# Relation subset operators

From: Cimode <cimode_at_hotmail.com>
Date: Tue, 2 Jun 2009 13:24:09 -0700 (PDT)

suppose CAR_SALE relation represented as

CAR_SALE

```id		car			salesman		price		color		date
1		Buick		Henderson	        10000       Red		01/01/1990
2		Buick		Wilkinson		10000	Red		02/01/1990
3		Chevrolet		Hutchinson	10000	Red		12/01/1990
4		Buick		Wilkinson		10000	Blue		13/01/1990
5		Chevrolet		Henderson 	10000	Red		14/01/1990
6		Buick		Henderson	        10000	Blue		16/01/1990
7		Buick		Henderson	        10000	Blue		18/01/1990
8		Chevrolet		Parson		10000	Yellow	18/01/1990

```

Now consider the following questions

returning...

```salesman			total_sale
Wilkinson			20000
Henderson		30000

```

> Question 2: What are the total sales of salesman who have sold AT LEAST (one) blue car AND (one) red car.

returning...

```salesman			total_sale
Wilkinson			20000
Henderson		30000

```

> Question 3: What are the total sales of salesman who have sold AT LEAST (one) blue car OR (one) red car.

returning...

```salesman			total_sale
Hutchinson		10000
Wilkinson			20000
Henderson		30000

```

> Question 4: What are the total sales of salesman who have NOT sold ANY blue cars

returning...

```salesman			total_sale
Hutchinson		10000
Parson			10000

```

> Question 5: What are the total sales of salesman who have NOT sold NEITHER a blue car NOR a red car

returning...

```salesman			total_sale
Parson			10000

```

Even though the above examples are easy to express algebrically (at least compared to their SQL expression), they must to be decomposed into a minimum of two to three elementary operations to be solved when using elementary operators (JOIN, UNION, GROUP BY). I thought about creating an specific operator for groupping subsets to simplify the expression of such problems. Such operator would allow to operate an relation involved in a division operation with one attribute drawn from the header subset. I thought about symbolizing the operator as */ * followed by the operator to be implemented within the groupping subset such as */=* */>*, */<*, */<>*, */*. Using such operator allows the expression of the questions above in a simpler way.

SYMBOLOGY
/ : relational division
+: relational union
/=: equality within the group

DEFINITION
For a relation R and un-ary relations p and q part of R header, and V values drawn from any attribute of R, */=* would be defined such as

R/p WITH q /= V <=> R/p (INNER) JOIN (p WHERE q = V) ON p

Using the above definition, the expression of Question 1 comes to

CARSALE/salesman WITH color /= 'Blue' is a interesting shortcut to (CARSALE/salesman) JOIN (salesman WHERE color = 'Blue') ON salesman

to get Question 2, instead of writing (CARSALE/salesman) JOIN ((salesman WHERE color = 'Blue') JOIN (salesman WHERE color = 'Red') on salesman ) ON salesman, we could simply write...

CARSALE/salesman WITH color /= 'Blue' AND color /= 'Red'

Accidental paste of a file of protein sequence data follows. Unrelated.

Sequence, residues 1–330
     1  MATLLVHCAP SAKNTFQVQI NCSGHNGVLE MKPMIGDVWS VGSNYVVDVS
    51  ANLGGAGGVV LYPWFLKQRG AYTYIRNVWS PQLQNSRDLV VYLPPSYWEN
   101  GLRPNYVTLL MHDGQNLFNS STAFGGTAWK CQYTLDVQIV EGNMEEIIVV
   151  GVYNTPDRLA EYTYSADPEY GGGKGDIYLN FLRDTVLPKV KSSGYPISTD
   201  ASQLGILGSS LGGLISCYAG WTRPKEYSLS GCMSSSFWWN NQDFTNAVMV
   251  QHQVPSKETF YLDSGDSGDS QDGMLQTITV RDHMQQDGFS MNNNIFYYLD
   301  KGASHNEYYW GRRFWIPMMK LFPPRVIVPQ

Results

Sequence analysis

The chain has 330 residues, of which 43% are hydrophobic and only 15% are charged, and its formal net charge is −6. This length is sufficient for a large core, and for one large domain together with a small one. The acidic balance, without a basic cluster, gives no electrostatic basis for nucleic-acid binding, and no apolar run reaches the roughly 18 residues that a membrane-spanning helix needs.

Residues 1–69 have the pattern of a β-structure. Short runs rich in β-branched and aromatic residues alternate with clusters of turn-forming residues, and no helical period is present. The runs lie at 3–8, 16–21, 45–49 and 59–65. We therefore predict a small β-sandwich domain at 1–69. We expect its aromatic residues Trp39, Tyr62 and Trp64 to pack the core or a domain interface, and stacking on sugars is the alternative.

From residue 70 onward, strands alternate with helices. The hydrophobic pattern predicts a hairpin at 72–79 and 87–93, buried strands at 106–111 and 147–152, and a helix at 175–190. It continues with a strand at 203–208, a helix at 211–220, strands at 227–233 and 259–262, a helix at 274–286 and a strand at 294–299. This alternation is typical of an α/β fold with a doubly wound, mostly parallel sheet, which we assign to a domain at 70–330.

to get Question 3, instead of writing (CARSALE/salesman) JOIN ((salesman WHERE color = 'Blue') UNION ALL (salesman WHERE color = 'Red') on salesman ) ON salesman, we could write...

CARSALE/salesman WITH color /= 'Blue' OR color /= 'Red'

to get Question 4 is even simpler...instead of writing (CARSALE/ salesman) JOIN (salesman MINUS (salesman WHERE color = 'Blue')) ON salesman
we keep the coherence of expressing

CARSALE/salesman WITH color /<> 'Blue' (/<> would be the opposite of / =)

Finally to get Question 5 expressed as (CARSALE/salesman) JOIN (salesman MINUS (salesman WHERE color = 'Blue') MINUS (salesman WHERE color = 'Red')) ON salesman

we would simply write

CARSALE/salesman WITH color /<> 'Blue' AND color /<> 'Red' .

The need for such simplification is even more obvious when the queries become more complex

We could imagine a Question 6 which would be: What are the total sales of salesmen who either have *not* sold a single Blue OR have *not* sold a single Red car...

Using traditional operators, Question 6 would be expressed as (CARSALE/salesman) JOIN ((salesman MINUS (salesman WHERE color = 'Blue')) UNION ALL (salesman MINUS (salesman WHERE color = 'Blue'))) ON salesman

where they could be written...

CARSALE/salesman WITH color /<> 'Blue' OR color /<> 'Red' .

It seems to me such simplification would be beneficial to express more systematically algebric formulation of relational divisions.

Note: I do not mention SQL into this because there would be too much verbose to write. Using the db core and subsequent language I am working ontoI can write this...

--DEFINITION
R1 = (1, 'A', 0, 10) + (1, 'A', 1, 10) + (1, 'B', 1, 10) + (1, 'B', 1, 10) WITH LEFT TO RIGHT ALIGN (id, groupper, differentiator, value)

```Q1 = R1/salesman WITH (color /= 'Blue')
Q2 = R1/salesman WITH (color /= 'Blue'  AND color /= 'Red')
Q3 = R1/salesman WITH (color /= 'Blue'  OR color /= 'Red')
Q4 = R1/salesman WITH color /<> 'Blue'
Q5 = R1/salesman WITH color /<> 'Blue'  AND color /<> 'Red'
Q5 = R1/salesman WITH color /<> 'Blue'  OR color /<> 'Red'

```

--PRESENTATION in tabular format

```PRESENT2D(salesman, SUM(price)).Q1
PRESENT2D(salesman, SUM(price)).Q2
PRESENT2D(salesman, SUM(price)).Q3
PRESENT2D(salesman, SUM(price)).Q4
PRESENT2D(salesman, SUM(price)).Q5

```

produces previously mentionned results..

Comments would be welcome to evaluate the usefulness of such operator....

Thank you. Received on Tue Jun 02 2009 - 22:24:09 CEST

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